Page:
first_imgPresident Barack Obama has nominated a veteran heart researcher who has run numerous large clinical trials to be the next head of the U.S. Food and Drug Administration (FDA). Robert Califf, currently FDA’s deputy commissioner for medical products and tobacco, was a top administrator and researcher at Duke University in Durham, North Carolina, for more than 30 years before coming to FDA earlier this year. If confirmed by the Senate, Califf would succeed Margaret Hamburg, who stepped down this past March.Califf, 63, “has long been considered a likely candidate for the top FDA job,” Brady Dennis reports in The Washington Post. “He has led scores of pivotal clinical trials, been among the nation’s most cited medical authors and for years served on various FDA advisory committees.”Reaction to the 15 September White House announcement has been positive. “Great news!,” tweeted Francis Collins, director of the National Institutes of Health.Sign up for our daily newsletterGet more great content like this delivered right to you!Country *AfghanistanAland IslandsAlbaniaAlgeriaAndorraAngolaAnguillaAntarcticaAntigua and BarbudaArgentinaArmeniaArubaAustraliaAustriaAzerbaijanBahamasBahrainBangladeshBarbadosBelarusBelgiumBelizeBeninBermudaBhutanBolivia, Plurinational State ofBonaire, Sint Eustatius and SabaBosnia and HerzegovinaBotswanaBouvet IslandBrazilBritish Indian Ocean TerritoryBrunei DarussalamBulgariaBurkina FasoBurundiCambodiaCameroonCanadaCape VerdeCayman IslandsCentral African RepublicChadChileChinaChristmas IslandCocos (Keeling) IslandsColombiaComorosCongoCongo, The Democratic Republic of theCook IslandsCosta RicaCote D’IvoireCroatiaCubaCuraçaoCyprusCzech RepublicDenmarkDjiboutiDominicaDominican RepublicEcuadorEgyptEl SalvadorEquatorial GuineaEritreaEstoniaEthiopiaFalkland Islands (Malvinas)Faroe IslandsFijiFinlandFranceFrench GuianaFrench PolynesiaFrench Southern TerritoriesGabonGambiaGeorgiaGermanyGhanaGibraltarGreeceGreenlandGrenadaGuadeloupeGuatemalaGuernseyGuineaGuinea-BissauGuyanaHaitiHeard Island and Mcdonald IslandsHoly See (Vatican City State)HondurasHong KongHungaryIcelandIndiaIndonesiaIran, Islamic Republic ofIraqIrelandIsle of ManIsraelItalyJamaicaJapanJerseyJordanKazakhstanKenyaKiribatiKorea, Democratic People’s Republic ofKorea, Republic ofKuwaitKyrgyzstanLao People’s Democratic RepublicLatviaLebanonLesothoLiberiaLibyan Arab JamahiriyaLiechtensteinLithuaniaLuxembourgMacaoMacedonia, The Former Yugoslav Republic ofMadagascarMalawiMalaysiaMaldivesMaliMaltaMartiniqueMauritaniaMauritiusMayotteMexicoMoldova, Republic ofMonacoMongoliaMontenegroMontserratMoroccoMozambiqueMyanmarNamibiaNauruNepalNetherlandsNew CaledoniaNew ZealandNicaraguaNigerNigeriaNiueNorfolk IslandNorwayOmanPakistanPalestinianPanamaPapua New GuineaParaguayPeruPhilippinesPitcairnPolandPortugalQatarReunionRomaniaRussian FederationRWANDASaint Barthélemy Saint Helena, Ascension and Tristan da CunhaSaint Kitts and NevisSaint LuciaSaint Martin (French part)Saint Pierre and MiquelonSaint Vincent and the GrenadinesSamoaSan MarinoSao Tome and PrincipeSaudi ArabiaSenegalSerbiaSeychellesSierra LeoneSingaporeSint Maarten (Dutch part)SlovakiaSloveniaSolomon IslandsSomaliaSouth AfricaSouth Georgia and the South Sandwich IslandsSouth SudanSpainSri LankaSudanSurinameSvalbard and Jan MayenSwazilandSwedenSwitzerlandSyrian Arab RepublicTaiwanTajikistanTanzania, United Republic ofThailandTimor-LesteTogoTokelauTongaTrinidad and TobagoTunisiaTurkeyTurkmenistanTurks and Caicos IslandsTuvaluUgandaUkraineUnited Arab EmiratesUnited KingdomUnited StatesUruguayUzbekistanVanuatuVenezuela, Bolivarian Republic ofVietnamVirgin Islands, BritishWallis and FutunaWestern SaharaYemenZambiaZimbabweI also wish to receive emails from AAAS/Science and Science advertisers, including information on products, services and special offers which may include but are not limited to news, careers information & upcoming events.Required fields are included by an asterisk(*)”He’s thoughtful and personable, and I’m sure will be a strong advocate on behalf of the FDA during a very critical period,” Aaron Kesselheim of Harvard Medical School told the Associated Press.Califf is “a soft-spoken Southerner with a passion for improving clinical trials,” and extensive knowledge of industry, Nature’s Heidi Ledford reported earlier this year.Califf’s confirmation is not assured. Numerous Obama administration nominees have never received confirmation votes, and many have bowed out of the process after waiting a year or more for Senate action.last_img read more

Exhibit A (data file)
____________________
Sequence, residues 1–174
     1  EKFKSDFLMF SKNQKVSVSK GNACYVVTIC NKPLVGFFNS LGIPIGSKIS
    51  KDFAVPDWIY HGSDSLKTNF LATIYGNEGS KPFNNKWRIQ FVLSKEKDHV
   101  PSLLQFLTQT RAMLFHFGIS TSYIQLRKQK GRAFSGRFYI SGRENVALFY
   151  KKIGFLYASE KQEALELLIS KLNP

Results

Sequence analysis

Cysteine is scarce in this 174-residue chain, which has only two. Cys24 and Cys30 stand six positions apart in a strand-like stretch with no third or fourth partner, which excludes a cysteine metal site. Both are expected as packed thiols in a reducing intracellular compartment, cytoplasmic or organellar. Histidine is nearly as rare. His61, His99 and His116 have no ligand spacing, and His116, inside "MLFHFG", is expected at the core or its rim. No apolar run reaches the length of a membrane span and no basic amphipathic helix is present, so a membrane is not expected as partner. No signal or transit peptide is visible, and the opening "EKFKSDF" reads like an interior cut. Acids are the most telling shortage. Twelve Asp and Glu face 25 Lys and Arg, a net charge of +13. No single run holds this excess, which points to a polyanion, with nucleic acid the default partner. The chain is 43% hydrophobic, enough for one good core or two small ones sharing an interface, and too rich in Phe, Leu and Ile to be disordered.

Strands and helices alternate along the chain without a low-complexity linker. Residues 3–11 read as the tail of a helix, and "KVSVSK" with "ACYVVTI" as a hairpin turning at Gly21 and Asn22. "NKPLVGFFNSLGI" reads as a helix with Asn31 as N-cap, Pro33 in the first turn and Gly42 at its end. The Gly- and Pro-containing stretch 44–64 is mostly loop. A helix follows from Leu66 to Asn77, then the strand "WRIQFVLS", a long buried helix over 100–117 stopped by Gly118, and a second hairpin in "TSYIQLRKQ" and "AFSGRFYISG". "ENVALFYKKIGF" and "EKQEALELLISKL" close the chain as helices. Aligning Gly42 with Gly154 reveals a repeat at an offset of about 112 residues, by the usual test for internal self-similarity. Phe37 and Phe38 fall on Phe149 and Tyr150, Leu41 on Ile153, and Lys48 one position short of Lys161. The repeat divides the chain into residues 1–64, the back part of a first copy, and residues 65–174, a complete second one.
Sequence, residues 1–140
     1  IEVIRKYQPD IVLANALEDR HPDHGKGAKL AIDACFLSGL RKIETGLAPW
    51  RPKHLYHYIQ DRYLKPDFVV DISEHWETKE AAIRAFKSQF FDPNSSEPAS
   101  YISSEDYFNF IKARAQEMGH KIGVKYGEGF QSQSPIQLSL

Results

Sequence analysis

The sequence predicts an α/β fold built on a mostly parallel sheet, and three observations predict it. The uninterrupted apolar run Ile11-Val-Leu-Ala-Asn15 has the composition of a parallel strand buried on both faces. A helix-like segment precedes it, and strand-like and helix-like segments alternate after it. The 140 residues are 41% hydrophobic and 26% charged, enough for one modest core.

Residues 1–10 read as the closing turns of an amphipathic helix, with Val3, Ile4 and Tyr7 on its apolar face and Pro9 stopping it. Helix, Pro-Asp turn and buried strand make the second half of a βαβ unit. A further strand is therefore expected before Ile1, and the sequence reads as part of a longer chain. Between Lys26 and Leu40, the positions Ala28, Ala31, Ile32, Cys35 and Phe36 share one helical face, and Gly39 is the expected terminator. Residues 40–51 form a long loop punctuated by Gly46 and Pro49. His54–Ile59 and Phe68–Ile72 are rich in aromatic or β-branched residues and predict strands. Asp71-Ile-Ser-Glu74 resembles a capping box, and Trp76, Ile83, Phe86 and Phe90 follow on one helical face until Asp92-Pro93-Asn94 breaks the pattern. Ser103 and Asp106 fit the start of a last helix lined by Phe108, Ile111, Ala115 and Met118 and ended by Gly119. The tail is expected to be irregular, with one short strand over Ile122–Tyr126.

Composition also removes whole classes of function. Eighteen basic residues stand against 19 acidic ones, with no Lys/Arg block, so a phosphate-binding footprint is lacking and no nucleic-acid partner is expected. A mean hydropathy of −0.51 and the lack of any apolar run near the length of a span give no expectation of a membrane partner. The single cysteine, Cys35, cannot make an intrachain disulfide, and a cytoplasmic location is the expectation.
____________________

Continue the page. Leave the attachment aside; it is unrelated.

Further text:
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Spat threatens China’s plans to build world’s largest telescope